Finding great investments is a useful skill. If you really want to fix your finances, though, you need to find ways to take the best of all your investments and put them together into a unified whole.

Today, I wrap up this series on how you can fix your finances in just five days. Earlier in the week, you learned ways to put your debt behind you and create an emergency fund to give you a cash cushion against unforeseen expenses. Then, we turned to investing, pointing out that although mutual funds and ETFs give beginning investors an excellent first view of how the financial markets work; the big rewards are in picking the top individual stocks.

All that's left is figuring out what the right balance is between stocks, funds, and other types of investments. The right mix of different asset classes may help you protect against future losses, and at the very least, it should give your portfolio a smoother ride as it grows over the years.

Having a plan
First and foremost, you need to understand that there's no single right answer for how you should invest. Certainly, when you look at what the most famous successful investors own, you'll see that they're completely different.

Most of those superinvestors share one thing in common, though: They each follow a particular approach to investing -- one that resonates with the way they think about money. Warren Buffett and Charlie Munger, with their frugal, simple personalities, seem tailor-made for the large-cap value-investing models they're both so famous for. Others, such as George Soros, happily take risks knowing that they'll get the majority of their picks wrong -- because when they pick right, they'll be really right and produce enough profit to make up for their many smaller losses.

As you gain experience, you'll figure out your own investing strengths. In the meantime, a simple risk-reducing strategy will help you protect your money.

Build a core
Even though most mutual funds and ETFs have historically struggled to beat their benchmarks, that doesn't mean you should give up on them entirely. Funds can help you create a conservative core to your portfolio -- one that will give you the latitude to take bigger risks with the rest of your money.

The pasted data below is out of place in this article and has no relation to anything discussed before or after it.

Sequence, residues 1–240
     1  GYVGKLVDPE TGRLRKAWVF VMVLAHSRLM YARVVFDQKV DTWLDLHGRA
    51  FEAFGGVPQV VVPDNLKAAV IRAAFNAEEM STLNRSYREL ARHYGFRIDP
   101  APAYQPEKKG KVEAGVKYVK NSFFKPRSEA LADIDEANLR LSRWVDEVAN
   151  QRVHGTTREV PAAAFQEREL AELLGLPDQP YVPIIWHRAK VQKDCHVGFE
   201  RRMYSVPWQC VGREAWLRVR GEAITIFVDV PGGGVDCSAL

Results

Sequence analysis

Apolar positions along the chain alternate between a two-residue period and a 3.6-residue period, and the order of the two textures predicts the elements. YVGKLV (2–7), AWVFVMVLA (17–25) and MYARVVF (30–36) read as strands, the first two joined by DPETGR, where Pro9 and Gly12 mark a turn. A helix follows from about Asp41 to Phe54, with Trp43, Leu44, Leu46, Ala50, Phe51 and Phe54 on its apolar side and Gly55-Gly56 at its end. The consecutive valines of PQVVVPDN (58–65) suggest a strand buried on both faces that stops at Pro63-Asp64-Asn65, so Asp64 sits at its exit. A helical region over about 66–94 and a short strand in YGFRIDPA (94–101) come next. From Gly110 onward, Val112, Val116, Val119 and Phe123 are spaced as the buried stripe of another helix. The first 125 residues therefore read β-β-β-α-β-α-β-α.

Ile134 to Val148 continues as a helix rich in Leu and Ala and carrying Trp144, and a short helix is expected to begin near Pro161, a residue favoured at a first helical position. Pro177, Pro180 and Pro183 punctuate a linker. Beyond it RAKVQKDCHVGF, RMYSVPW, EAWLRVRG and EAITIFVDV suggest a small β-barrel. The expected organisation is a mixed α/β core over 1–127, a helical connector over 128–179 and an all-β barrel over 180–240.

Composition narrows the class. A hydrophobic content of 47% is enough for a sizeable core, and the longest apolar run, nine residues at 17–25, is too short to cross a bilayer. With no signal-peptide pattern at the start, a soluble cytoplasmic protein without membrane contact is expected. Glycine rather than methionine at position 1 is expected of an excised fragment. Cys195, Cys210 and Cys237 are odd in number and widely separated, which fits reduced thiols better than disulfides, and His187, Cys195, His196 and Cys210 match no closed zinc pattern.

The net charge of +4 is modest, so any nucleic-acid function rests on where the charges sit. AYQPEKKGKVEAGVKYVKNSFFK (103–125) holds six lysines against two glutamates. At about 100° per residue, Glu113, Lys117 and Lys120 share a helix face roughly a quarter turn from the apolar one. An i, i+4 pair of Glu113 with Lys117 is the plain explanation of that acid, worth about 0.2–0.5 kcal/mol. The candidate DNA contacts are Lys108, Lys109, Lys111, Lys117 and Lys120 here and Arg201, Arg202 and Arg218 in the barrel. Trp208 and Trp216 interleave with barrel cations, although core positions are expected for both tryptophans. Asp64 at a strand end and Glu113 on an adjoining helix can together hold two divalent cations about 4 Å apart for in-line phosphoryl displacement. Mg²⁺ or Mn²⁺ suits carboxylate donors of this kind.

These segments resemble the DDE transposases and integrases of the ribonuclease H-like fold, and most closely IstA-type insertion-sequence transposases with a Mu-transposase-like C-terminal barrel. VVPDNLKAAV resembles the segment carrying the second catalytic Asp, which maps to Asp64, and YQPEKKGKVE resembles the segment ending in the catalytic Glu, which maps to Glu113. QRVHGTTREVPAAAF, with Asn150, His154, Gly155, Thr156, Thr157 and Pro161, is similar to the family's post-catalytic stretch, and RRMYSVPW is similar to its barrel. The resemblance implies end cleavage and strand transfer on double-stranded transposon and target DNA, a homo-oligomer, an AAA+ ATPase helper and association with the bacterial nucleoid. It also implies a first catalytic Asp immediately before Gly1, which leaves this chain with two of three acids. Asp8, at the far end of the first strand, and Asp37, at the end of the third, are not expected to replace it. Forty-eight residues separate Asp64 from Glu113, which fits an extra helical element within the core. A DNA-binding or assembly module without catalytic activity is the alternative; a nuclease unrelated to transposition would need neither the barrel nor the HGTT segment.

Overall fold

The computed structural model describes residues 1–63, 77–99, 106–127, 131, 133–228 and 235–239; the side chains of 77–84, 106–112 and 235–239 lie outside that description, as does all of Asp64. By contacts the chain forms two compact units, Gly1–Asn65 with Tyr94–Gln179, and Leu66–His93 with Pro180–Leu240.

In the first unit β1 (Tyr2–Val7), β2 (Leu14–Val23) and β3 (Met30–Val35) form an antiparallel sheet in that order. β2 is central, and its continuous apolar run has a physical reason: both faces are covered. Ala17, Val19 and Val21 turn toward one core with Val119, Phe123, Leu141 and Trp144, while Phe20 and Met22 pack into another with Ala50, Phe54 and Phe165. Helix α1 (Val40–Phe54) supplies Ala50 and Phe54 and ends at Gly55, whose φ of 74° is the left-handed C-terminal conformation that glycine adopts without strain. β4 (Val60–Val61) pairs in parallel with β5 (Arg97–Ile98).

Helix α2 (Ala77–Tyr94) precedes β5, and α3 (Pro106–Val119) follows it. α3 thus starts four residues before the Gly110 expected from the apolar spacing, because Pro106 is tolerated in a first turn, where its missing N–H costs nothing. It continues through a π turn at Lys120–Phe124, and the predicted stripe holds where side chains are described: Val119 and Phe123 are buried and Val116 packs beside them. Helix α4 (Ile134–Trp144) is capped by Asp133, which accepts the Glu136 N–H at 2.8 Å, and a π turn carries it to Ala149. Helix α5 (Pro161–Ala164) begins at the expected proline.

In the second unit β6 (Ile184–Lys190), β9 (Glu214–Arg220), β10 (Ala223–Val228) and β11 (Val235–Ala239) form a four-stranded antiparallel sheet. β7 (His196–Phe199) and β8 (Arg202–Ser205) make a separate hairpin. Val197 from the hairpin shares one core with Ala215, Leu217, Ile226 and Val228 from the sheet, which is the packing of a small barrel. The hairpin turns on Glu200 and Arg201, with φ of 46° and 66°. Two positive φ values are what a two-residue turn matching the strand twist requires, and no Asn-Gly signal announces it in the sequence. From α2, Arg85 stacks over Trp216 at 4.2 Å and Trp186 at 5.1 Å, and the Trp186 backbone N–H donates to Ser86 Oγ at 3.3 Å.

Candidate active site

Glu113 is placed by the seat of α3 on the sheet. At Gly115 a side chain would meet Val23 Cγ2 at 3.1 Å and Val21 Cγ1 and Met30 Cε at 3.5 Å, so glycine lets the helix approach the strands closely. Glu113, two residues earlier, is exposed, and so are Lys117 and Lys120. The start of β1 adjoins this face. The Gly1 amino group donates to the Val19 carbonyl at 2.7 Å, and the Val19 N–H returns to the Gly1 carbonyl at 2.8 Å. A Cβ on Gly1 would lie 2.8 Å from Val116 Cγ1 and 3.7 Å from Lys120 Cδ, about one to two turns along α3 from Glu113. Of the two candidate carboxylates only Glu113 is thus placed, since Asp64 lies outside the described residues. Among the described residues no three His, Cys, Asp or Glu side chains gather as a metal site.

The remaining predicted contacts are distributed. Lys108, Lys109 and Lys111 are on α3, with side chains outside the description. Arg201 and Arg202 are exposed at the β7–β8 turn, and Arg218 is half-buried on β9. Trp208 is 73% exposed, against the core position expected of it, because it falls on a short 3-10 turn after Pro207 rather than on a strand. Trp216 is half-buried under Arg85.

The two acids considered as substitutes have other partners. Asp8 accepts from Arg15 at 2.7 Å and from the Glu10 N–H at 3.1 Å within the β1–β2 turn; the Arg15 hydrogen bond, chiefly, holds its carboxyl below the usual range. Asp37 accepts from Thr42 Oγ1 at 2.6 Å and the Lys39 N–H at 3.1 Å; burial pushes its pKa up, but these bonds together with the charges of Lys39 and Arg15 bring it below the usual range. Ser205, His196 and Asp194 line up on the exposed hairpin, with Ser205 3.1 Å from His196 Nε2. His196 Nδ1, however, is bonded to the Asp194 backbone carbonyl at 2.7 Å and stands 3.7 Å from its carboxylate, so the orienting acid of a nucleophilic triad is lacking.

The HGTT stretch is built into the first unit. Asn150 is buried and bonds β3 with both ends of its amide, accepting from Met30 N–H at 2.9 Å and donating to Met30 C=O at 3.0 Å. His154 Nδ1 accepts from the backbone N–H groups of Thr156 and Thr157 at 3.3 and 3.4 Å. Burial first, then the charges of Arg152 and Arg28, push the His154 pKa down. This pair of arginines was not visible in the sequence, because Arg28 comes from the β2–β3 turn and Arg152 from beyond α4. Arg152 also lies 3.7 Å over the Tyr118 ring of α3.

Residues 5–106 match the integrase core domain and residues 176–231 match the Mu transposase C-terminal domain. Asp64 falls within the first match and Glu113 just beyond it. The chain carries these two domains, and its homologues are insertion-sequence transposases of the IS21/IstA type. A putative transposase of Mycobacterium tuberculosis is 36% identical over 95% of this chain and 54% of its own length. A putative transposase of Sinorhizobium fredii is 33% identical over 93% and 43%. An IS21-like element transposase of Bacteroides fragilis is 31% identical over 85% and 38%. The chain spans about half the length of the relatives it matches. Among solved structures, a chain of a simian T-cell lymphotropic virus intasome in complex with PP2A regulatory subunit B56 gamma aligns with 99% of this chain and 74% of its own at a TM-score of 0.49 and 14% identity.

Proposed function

As an example, here's one way to set up a core portfolio using ETFs:

  • Vanguard Total Stock Market ETF (NYSE: VTI), which owns shares of not only all the household name U.S. megacap giants but also domestic mid- and small-cap stocks as well.
  • iShares MSCI EAFE (NYSE: EFA), which gives you broad exposure to developed-market stocks around the world.
  • A broad-based bond ETF like iShares Barclays Aggregate Bond (NYSE: AGG), owning various types of Treasury, agency, and corporate bonds.
  • A sprinkling of offerings from other asset classes, such as the Vanguard REIT Index ETF (NYSE: VNQ) or SPDR Gold Trust (NYSE: GLD), to round out your portfolio.

As we discussed on Wednesday, how much you invest in each of those funds depends on the asset allocation you pick. But the other question is how much of your total assets to designate for this core portfolio versus how much you keep outside the core to invest more aggressively. In my view, as you get older, your core investments should make up a bigger portion of your overall portfolio, because your overall risk level should decline gradually over time.

The kicker
With a solid core in place, you're free to pick higher-risk individual stocks with the rest of your money. This part of your portfolio will be more volatile, but with a chance at greater profits than you'll likely see from your core investments.

Remember, though, that even when you're looking for huge returns, you also want to follow Warren Buffett's first rule: Never lose money. As attractive as stocks like insurance giant AIG (NYSE: AIG) and mortgage maker Fannie Mae (NYSE: FNM) looked years ago, they proved vulnerable to catastrophic losses.

You won't always succeed, of course. Losses will happen. But if you treat the assets outside of your core not as play money, but rather as your opportunity to earn stellar returns, then you have the right attitude.

Fix your finances forever
I hope that in this week-long series of articles, you've learned some things about your finances that will help you in the months and years to come. And remember -- no matter what your financial situation is, there are plenty of people in exactly the same boat as you are. So don't be a stranger: Come back and share your experiences with our community!

Did we miss something you'd like us to talk about? Tell us what you thought of this week-long series on fixing your finances by leaving a comment in the box below. Thanks for your input!

Fool contributor Dan Caplinger's portfolio is a constant work in progress. He owns shares of Vanguard REIT Index ETF. Try any of our Foolish newsletters today, free for 30 days. The Fool's disclosure policy goes well with just about anything.